Tucked into the northwest corner of campus, adjacent to Copeland Creek and the Environmental Technology Center, the campus community garden is a destination worth exploring. Several times a week, student interns and club members tend the well-established garden in this peaceful corner of campus.
On Fridays, the garden bustles with activity! Dozens of students from across campus show up to help the garden interns. Lecturer Julie Bright meets with the club she advises, Friends of Copeland Creek, at noon, to work on nature trails and restoration efforts along the creek. The preschoolers from the Children's School are frequent visitors, checking on their set of beds in the garden.
As the work day winds down, it is rewarding to look around and see the remarkable changes made in our campus backyard by this ever-changing and energetic group of SSU students.
In addition to Friends of Copeland Creek, campus partners include the Global Environmental Activism Club and Slow Food Club; both pitch in on a regular basis. SSU Preserves, the Entomology Program, the JUMP student service leadership organization, and fraternities and sororities seeking service opportunities all participate in garden activities.
Students from the School of Extended Education's Sustainable Landscape Professional Certificate Program have contributed to planning the garden's future. Environmental Studies and Planning, (ENSP) and biology students are frequent volunteers; others participating in the garden include students enrolled in University 102, psychology courses, and art classes.
Last fall, a cohort from the math department, led by Professor Jean Chan, grew some winter crops. Not long before that, the garden served as a canvas for the art department. Research projects from various departments have been conducted in the garden.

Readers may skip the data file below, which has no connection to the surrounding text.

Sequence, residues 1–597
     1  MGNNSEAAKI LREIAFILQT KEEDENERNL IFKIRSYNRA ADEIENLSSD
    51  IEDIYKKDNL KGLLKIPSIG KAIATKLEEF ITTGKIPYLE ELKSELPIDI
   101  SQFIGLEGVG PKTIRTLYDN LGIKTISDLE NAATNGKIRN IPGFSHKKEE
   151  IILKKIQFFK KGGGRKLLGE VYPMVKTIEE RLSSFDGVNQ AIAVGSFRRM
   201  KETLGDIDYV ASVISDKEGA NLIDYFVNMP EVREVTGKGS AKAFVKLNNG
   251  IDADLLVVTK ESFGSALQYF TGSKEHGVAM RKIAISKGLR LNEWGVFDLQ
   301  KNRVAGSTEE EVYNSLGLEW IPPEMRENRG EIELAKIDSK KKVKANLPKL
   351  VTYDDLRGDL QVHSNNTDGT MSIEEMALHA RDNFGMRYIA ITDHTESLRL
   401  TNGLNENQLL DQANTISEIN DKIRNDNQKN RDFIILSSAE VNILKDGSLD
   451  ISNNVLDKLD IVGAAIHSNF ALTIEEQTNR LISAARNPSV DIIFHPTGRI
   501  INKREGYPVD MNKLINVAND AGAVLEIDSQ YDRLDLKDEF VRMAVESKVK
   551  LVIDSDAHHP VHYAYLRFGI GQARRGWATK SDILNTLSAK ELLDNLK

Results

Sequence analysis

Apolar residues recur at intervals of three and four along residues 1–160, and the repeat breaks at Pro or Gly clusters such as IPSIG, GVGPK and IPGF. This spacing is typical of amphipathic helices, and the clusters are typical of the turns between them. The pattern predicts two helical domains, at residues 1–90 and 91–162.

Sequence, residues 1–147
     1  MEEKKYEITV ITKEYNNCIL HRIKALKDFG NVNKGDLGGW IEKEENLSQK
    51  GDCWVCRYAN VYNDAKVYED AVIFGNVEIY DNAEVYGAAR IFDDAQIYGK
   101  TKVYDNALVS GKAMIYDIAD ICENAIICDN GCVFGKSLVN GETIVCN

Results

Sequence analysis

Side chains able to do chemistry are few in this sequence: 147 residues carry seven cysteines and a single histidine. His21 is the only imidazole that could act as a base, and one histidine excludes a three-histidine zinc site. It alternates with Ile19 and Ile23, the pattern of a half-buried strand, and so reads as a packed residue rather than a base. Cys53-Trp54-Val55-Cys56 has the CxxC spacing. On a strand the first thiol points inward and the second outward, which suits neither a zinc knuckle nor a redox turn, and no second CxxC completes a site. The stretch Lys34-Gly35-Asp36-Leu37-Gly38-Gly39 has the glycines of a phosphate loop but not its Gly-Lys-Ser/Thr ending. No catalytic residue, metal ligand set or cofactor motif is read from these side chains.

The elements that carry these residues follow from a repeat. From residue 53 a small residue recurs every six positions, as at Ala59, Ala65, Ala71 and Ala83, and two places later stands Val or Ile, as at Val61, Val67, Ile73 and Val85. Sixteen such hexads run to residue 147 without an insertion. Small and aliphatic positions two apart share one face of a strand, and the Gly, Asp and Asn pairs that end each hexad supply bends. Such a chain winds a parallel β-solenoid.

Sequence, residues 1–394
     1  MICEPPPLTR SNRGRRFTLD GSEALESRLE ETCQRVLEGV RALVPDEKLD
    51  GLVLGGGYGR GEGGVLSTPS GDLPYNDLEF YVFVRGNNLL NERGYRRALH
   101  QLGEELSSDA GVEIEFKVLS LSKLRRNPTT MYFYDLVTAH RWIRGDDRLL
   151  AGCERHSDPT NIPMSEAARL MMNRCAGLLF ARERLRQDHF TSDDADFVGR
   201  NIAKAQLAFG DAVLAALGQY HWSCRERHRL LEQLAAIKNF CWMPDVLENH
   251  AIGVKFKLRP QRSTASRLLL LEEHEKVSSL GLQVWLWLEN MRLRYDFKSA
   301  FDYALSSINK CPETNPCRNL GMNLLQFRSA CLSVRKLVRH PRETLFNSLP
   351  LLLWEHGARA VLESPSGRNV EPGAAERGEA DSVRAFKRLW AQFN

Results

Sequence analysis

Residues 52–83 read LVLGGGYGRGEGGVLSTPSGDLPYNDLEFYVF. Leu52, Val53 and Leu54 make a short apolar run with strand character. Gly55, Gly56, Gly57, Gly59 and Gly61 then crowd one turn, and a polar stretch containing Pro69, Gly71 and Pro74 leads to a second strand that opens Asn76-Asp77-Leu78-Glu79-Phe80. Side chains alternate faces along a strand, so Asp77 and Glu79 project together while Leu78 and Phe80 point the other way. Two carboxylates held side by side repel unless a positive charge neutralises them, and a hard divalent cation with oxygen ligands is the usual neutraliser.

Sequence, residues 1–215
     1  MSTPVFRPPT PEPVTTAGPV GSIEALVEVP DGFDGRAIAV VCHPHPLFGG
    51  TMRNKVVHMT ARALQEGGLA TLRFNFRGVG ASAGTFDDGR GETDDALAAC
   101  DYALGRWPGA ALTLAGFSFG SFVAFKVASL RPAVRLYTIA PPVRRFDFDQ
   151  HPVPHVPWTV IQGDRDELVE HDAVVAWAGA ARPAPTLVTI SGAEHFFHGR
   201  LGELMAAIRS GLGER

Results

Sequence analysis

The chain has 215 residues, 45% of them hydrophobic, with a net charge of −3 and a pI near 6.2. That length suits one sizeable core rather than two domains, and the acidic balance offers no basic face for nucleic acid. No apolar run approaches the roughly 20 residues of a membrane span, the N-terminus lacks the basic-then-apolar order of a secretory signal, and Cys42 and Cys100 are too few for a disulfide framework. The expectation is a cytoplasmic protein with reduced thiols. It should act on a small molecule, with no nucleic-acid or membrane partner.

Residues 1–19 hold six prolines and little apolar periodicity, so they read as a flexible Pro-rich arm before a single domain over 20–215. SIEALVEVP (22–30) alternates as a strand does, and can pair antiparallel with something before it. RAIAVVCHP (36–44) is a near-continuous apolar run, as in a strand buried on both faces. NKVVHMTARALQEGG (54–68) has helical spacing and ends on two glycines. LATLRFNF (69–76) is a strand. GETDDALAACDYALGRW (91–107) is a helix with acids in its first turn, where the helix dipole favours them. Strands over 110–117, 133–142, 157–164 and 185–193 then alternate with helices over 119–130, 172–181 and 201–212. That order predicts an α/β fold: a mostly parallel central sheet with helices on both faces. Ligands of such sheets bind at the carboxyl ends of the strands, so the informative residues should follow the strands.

The teamwork of faculty, garden coordinator, interns and student volunteers has resulted in a flourishing garden and increased funding, even in this era of campus belt-tightening. An SSU IRA, (Instructionally Related Activities) grant for $6,000 now supports several student interns to supervise volunteers and maintain the garden.
The ENSP department provides funds to pay the garden coordinator. The garden is among four service-learning programs included in a 3-year $150,000 Learn-and-Serve grant awarded to the Center for Community Engagement.
Donations from local businesses, including numerous local nurseries, help keep our garden green. Sonoma Compost has been generous for years. As members of the Sonoma County School Garden Network, we have access to a supply of vegetable plants and seeds. The Milo Baker chapter of the California Native Plant Society has provided many garden plants.
Their most recent donation enabled us, with the help of biology department graduate students, to plant a new border along the garden.
An SSU garden intern spent last spring semester assisting in the community garden start-up at the nearby Holy Family Episcopal Church. The garden, Neighborhood Farm, is within walking distance of campus; groups of SSU students may check out beds for a nominal fee.
The California Rare Fruit Society donated our orchard; SRJC sustainable agriculture instructor and SSU alumnus Heidi Herrmann assists with orchard maintenance, and SSU Agroecology instructor Robin Burton continues her involvement in the garden.
We visualize the garden as a place of synergy, a gathering place for students from departments across campus to exchange ideas. Plans for improvements include growing more produce, certifying the garden with the National Wildlife Backyard Habitat program, and applying for a grant to bring us closer to our goal of creating a publically accessible showcase of sustainable landscape practices. Interested volunteers are invited to join.
For more information about the garden, contact Dr. Laura Watt, program faculty advisor (firstname.lastname@example.org), or Frederique Lavoipierre, garden coordinator (email@example.com). Interns include Chirelle McCorley, David Ortiz, Karissa Westphal and Greg Anthenian. They can be found tending the garden most Monday and Wednesday mornings, and on Fridays from 10 a.m. to 2 p.m.